Eagle County Sheriff: Teach kids about stranger danger online, as well as in ‘real life’ (column)
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Our cellphones have given us total freedom and expanded our world. Google allows us information on anything within seconds, we can order just about anything on the planet with Amazon and our appliances and cars remind us that perhaps we aren’t nearly as smart as they are. It’s no wonder these devices never leave our hands. They are addicting, and we love it, but at what age should we addict our children?
Kids get bored in the summer; even those with jobs will seek a distraction. Many have friends away on vacation and may occasionally feel lonely. A smartphone maintains a connection to their world. Exchanging photos helps share special moments while they are apart. The caution comes when our children cannot reach their usual contacts and begin exploring the web.
Just as we teach our kids to be wary of strangers at home, we must also warn them of dangers online. Happy emoji, cute photos, fun posts, shared games and common interests are all inviting, which makes strangers seem like friends — they are not.
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Children make friends by sharing interests, hobbies, favorite restaurants, music, movies — all of the things they would like to experience with a friend. Unlike in person, when it is done online, you are uncertain with whom you are conversing.
On social media, even when cautious, simply posting photos, events, pets, stores, restaurants, sports and such creates a composite profile that makes it easy for anyone to identify and locate a specific person, often right down to the time of day.
In my last column, I wrote about how Silicon Valley leaders won’t allow their own children access to smartphones and social media accounts until their teen years. They know firsthand of the benefits but also the dangers associated with the platforms they create. Yet peer pressure is high; when kids’ friends are making plans online, those not connected are excluded by default.
To address those concerns, Facebook Messenger for Kids was created. The app was designed for younger children. It has no ads, the child is limited to contacts listed by the parent and messages are available for supervision. It provides messaging and video chats using Wi-Fi, so no phone number is needed. It appears to be a nice alternative, but it still promotes addictive behavior.
Teens with social media accounts are aware of their many features but sometimes naive of the necessary cautions. They may not realize that whatever is posted lives in the digital realm forever, even if deleted on their end. Those fun party pictures may find them explaining to a potential employer that all those beer cans or other paraphernalia weren’t really theirs. That dare from friends to post a provocative photo may resurface years later and create unanticipated challenges, which could cost them that special relationship or dream job.
While policies are changing, social media platforms generally consider anything posted on their sites to be public information and available for distribution anywhere in the world. The same applies to “sexting,” which can re-emerge years later, requiring embarrassing explanations. Do they really want their most intimate and awkward moments “going viral”?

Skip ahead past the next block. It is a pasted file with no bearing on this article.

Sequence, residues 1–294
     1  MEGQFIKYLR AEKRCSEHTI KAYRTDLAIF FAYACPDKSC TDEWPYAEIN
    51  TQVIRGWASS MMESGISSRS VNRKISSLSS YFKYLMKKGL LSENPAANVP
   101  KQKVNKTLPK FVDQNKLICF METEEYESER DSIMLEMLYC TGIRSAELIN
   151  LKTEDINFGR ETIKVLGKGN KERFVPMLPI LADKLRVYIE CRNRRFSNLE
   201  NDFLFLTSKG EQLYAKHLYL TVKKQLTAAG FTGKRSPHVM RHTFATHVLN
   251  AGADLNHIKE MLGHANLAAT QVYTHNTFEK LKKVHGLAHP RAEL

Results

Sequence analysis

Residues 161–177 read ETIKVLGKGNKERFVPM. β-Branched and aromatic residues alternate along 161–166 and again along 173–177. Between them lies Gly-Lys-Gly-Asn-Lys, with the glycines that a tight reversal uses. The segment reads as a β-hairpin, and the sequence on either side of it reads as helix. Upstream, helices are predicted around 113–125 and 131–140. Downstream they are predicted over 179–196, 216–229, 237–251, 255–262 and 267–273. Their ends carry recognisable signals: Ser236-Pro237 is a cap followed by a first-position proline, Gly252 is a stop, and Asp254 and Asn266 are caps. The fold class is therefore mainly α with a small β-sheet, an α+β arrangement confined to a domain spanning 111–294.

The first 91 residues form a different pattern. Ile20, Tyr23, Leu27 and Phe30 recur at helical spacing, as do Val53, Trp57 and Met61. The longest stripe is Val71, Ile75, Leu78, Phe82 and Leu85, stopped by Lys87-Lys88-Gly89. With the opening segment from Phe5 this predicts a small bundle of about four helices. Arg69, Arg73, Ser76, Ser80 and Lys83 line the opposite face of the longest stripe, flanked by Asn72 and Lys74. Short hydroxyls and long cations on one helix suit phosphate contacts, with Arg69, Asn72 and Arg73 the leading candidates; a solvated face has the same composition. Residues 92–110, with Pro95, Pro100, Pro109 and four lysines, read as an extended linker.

With depression on the rise, some attribute the increase to how exciting other’s lives appear on social media, compared to their own. It’s helpful to remind them that no one posts photos of their worst days and everyone has them. That casual picture may be the 20th they took before deciding to post it.
Most teens know not to give out personal information online, but in a desire to connect, they may want to accept a meeting with that favorite online video game partner. Yes, it could be a fellow high-schooler or perhaps someone pretending to be. Predators will spend months cultivating relationships online to gain the trust of an insecure child, preying on vulnerabilities. They will gather enough information to present themselves as a new best friend, while creating suspicions and barriers to existing family and friends.
Social media is a sexual predator’s delight. The National Center for Missing and Exploited Children says that 83 percent of victims eventually met their sex offenders in person and willingly went with them. They responded to 10,093 possible child sex trafficking reports in 2017. That would be like one of every five people from Eagle County every year, and these are our children. A parent’s worst nightmare is the thought of their child’s face on one of those missing posters.
Predators will convince kids to keep their “friendship” secret. Be aware of acronyms such as POS (parent over shoulder) or LMIRL (let’s meet in real life) in your child’s communications. Refer to my earlier column and search websites for those acronyms that are current and popular.
Summer is a time of fun and relaxation. Online opportunities can add to that pleasure, and staying connected to friends is one of those joys. But just as in the 3D world, we must remain aware and vigilant of potential dangers. Stay safe and happy.
James van Beek is the Eagle County sheriff. You can reach him at firstname.lastname@example.org.
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